Last update Sept. 10, 2015
Very Low Risk
We do not have alternatives for Garlic since it is relatively safe.
Suggestions made at e-lactancia are done by APILAM team of health professionals, and are based on updated scientific publications. It is not intended to replace the relationship you have with your doctor but to compound it. The pharmaceutical industry contraindicates breastfeeding, mistakenly and without scientific reasons, in most of the drug data sheets.
Your contribution is essential for this service to continue to exist. We need the generosity of people like you who believe in the benefits of breastfeeding.
Thank you for helping to protect and promote breastfeeding.
Garlic in other languages or writings:
Garlic belongs to these groups or families:
Main tradenames from several countries containing Garlic in its composition:
Write us at firstname.lastname@example.org
e-lactancia is a resource recommended by Asociación Española de Bancos de Leche Humana of Spain
Would you like to recommend the use of e-lactancia? Write to us at corporate mail of APILAM
The bulb of this plant is originally from Asia which is widely used over the world as condiment, food and therapeutic mean, either systemically or locally. It contains sulfoxides (Alin), thiosulfinate (Allicin), polysaccharides, amino acids, vitamins, mineral salts and prostaglandins.
Alleged properties (some proven): hypolipemiant, vasodilator, anticoagulant, antioxidant, antimicrobial.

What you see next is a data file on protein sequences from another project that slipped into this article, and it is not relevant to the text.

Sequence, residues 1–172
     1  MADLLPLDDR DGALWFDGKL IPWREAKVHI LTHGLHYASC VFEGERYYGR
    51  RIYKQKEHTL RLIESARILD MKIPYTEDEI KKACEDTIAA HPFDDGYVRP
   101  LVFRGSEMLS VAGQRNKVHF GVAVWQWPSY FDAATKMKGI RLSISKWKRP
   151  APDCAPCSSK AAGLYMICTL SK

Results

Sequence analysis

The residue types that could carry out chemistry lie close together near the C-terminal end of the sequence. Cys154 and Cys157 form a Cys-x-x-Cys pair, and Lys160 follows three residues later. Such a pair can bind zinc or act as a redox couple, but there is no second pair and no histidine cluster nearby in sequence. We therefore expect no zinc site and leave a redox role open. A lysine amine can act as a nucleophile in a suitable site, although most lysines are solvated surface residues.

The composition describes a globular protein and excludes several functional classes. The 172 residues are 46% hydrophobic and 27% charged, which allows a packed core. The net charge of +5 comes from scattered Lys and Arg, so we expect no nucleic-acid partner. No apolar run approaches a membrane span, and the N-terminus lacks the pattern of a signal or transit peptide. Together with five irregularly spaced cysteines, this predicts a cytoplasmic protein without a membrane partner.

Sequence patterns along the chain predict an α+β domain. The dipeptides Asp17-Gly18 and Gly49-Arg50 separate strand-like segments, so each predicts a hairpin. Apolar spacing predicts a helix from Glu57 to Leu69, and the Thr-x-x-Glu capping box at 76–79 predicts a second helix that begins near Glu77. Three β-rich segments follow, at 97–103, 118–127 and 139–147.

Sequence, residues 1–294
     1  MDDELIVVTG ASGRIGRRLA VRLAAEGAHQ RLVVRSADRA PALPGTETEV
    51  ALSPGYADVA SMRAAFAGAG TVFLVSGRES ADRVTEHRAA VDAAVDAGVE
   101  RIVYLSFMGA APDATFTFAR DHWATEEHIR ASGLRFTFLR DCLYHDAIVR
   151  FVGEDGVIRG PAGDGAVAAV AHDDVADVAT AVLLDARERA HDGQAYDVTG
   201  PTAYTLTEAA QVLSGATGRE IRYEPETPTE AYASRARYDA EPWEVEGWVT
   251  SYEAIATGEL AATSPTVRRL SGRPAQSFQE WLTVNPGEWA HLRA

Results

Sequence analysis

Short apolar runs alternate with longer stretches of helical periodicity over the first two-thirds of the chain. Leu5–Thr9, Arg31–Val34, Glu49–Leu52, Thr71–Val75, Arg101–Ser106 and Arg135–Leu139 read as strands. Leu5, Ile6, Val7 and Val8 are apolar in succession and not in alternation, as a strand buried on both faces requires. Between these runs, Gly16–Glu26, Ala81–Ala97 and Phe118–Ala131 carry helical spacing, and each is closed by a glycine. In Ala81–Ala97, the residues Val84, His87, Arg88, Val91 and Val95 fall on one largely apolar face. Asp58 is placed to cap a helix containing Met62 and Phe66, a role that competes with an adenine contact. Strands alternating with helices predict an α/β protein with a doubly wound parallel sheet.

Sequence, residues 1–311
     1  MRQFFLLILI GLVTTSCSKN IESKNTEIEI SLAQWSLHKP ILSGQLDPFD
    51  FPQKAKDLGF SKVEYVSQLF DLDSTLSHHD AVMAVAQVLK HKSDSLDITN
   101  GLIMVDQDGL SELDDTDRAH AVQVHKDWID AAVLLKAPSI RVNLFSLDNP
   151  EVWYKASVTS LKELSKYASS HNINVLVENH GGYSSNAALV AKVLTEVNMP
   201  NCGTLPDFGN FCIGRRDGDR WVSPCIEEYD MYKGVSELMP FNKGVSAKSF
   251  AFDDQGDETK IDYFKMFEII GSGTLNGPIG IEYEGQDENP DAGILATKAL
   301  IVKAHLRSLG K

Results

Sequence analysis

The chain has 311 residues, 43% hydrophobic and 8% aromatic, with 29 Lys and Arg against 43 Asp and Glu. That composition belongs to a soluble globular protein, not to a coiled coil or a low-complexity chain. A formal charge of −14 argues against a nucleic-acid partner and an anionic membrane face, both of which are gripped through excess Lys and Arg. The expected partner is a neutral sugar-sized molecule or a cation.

Indications based on the Commission E of the German Ministry of Health: Arteriosclerosis, Hyperlipidemia, Hypertension.
It may cause generalized and contact allergies, as well as local burns (avoid applying it on the nipple). It has a platelet anti-aggregation effect which is a reason to avoid any abuse by mothers with hemorrhagic disorders. Also, garlic may compete the liver metabolism of some anti-HIV medication causing a decrease in effectiveness.
One of the most used herbs during breastfeeding in many regions of the world. Some cultures use it as a galactagogue but such effect has not been proven.
Its odor and flavor is transmitted through the breast milk which may later induce the infant to longer suction periods that can condition to a better adaptation of several flavors at the introduction of complementary foods.
It is not responsible for the appearance of colicky pain in infants.